LITTLE ROCK, Ark. (AP) Gov. Asa Hutchinson said Thursday that he’s unlikely to proceed this year with his plan to end Arkansas’ practice of honoring civil rights leader Martin Luther King Jr. and Confederate Gen. Robert E. Lee on the same day.
The Republican governor told reporters that he doesn’t expect to put the proposal on the agenda for a special session he plans for May 19 that will focus on his highway proposal. He said in January that he wanted lawmakers to take up the proposal during next year’s session, but later left open the possibility of trying the move during the highway session.
“At this point, there’s not a consensus that it should be a special session item and I’ve met with the Legislative Black Caucus and will continue to discuss this with them,” Hutchinson said. “But I’ve not sensed a consensus that that should be on the special session agenda.”
Arkansas is one of three states _ along with Alabama and Mississippi _ that jointly celebrate the black civil rights icon and the white Confederate general on the third Monday in January. Arkansas has recognized Lee’s birthday since the 1940s. State lawmakers voted to recognize King’s birthday as a state holiday in 1983, and combined the celebrations two years later.
Opponents of the combined holiday say celebrating the Confederate general on the same day as the civil rights icon hurts the state’s image and its efforts to attract businesses.
A proposal to end the practice failed repeatedly before an Arkansas House committee last year, and several black lawmakers have expressed reluctance about trying the proposal during the special session, especially since the makeup of the House committee hasn’t changed. The Legislative Black Caucus in March tabled a vote on whether to support ending the dual holiday, and members said they wanted more details on how the move would be carried out.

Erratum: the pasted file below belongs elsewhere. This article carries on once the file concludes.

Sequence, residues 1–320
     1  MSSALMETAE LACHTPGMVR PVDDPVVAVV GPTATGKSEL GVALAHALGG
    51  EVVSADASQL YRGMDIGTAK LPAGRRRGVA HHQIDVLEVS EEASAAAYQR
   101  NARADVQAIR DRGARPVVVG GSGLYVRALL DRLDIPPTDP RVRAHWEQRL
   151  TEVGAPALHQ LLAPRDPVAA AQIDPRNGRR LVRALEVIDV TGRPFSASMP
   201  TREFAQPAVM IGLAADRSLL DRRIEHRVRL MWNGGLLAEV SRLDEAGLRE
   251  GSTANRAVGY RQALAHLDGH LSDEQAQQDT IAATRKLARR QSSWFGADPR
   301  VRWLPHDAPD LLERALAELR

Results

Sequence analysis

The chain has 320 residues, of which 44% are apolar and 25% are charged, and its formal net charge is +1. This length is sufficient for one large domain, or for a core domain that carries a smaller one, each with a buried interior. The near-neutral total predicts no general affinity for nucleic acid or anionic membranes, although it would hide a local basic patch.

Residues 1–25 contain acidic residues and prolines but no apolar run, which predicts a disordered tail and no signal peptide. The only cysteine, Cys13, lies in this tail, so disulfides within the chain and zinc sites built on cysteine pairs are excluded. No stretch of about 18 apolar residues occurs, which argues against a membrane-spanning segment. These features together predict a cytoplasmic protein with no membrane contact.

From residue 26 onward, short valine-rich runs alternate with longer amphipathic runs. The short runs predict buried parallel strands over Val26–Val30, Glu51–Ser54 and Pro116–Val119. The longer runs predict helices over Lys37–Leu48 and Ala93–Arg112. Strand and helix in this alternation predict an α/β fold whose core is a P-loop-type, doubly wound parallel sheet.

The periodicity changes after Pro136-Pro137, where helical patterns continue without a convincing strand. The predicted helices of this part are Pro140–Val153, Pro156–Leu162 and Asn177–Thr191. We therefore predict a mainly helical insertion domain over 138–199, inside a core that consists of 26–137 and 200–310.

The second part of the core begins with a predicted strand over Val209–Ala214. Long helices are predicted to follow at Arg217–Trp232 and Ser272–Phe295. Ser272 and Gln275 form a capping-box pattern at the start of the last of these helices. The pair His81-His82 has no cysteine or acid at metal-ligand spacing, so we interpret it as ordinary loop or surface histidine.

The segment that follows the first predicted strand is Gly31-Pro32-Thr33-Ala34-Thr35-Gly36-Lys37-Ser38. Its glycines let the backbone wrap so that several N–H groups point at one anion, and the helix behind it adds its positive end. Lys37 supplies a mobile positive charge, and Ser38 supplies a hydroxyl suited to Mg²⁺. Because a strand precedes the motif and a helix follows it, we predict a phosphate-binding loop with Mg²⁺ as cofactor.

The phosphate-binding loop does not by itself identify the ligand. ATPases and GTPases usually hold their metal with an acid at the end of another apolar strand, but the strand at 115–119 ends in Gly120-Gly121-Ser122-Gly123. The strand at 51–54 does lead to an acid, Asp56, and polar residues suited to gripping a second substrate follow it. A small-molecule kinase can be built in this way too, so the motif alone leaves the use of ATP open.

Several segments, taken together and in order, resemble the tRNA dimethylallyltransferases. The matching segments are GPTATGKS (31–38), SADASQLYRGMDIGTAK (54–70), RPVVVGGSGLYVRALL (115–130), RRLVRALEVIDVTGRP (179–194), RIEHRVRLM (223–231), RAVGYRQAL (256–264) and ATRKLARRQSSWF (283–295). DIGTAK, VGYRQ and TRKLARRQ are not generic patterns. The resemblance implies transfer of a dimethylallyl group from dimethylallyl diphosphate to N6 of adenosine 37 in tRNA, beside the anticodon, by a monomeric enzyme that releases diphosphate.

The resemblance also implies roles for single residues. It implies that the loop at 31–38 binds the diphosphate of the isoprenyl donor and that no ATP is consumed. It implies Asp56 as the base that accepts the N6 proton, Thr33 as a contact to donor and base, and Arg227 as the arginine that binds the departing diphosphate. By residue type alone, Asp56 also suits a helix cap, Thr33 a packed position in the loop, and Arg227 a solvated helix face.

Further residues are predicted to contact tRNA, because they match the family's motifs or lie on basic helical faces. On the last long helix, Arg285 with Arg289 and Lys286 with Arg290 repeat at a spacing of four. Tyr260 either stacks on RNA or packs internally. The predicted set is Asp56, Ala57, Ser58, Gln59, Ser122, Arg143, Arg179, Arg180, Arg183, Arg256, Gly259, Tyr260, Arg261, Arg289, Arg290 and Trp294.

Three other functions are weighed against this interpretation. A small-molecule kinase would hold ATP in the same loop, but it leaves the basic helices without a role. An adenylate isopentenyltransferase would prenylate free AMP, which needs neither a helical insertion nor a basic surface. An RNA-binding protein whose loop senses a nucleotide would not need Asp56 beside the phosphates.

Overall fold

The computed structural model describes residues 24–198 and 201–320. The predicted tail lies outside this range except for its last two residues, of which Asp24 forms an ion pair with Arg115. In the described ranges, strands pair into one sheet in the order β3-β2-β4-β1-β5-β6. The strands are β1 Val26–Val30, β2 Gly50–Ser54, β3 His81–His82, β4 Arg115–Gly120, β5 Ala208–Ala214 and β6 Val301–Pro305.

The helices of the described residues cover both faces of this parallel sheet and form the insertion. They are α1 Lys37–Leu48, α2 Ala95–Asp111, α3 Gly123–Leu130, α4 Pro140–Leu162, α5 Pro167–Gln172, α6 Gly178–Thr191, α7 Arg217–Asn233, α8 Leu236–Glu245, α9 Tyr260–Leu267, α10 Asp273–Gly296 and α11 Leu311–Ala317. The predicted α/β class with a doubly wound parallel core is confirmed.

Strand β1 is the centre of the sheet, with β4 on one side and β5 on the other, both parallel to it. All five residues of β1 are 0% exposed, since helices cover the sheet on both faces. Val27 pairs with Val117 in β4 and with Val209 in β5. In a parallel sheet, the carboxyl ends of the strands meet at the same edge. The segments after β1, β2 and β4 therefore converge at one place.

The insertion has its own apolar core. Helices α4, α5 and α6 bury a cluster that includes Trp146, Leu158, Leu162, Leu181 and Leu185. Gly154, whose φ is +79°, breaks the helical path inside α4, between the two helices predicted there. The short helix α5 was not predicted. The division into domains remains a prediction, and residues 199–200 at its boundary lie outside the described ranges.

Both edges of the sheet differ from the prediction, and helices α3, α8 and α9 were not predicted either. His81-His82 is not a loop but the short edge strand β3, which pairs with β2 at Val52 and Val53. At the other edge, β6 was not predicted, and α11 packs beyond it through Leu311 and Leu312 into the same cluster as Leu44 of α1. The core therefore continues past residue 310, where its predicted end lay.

Democratic Sen. Joyce Elliott, a member of the caucus, said earlier Thursday she’d prefer taking up the issue next year, especially since Hutchinson and legislative leaders have said they want the highway session to last only three or four days. The governor said Thursday he doesn’t plan on calling lawmakers back in session this year after they take up his highway plan this month.
“It is a very polarizing issue, and we are intending to have a special session within three days,” Elliott said. “Well, that’s going to be difficult to have engagement in three days.”
Members of the caucus had also previously expressed concern about whether the compromise would require a designated day to honor Lee or Southern heritage, a provision that had been included in previous legislation.
Hutchinson said he’s still committed to ending the dual holiday.
“My support has been consistent to separate those days and to give Dr. King a separate day to honor his memory and contributions,’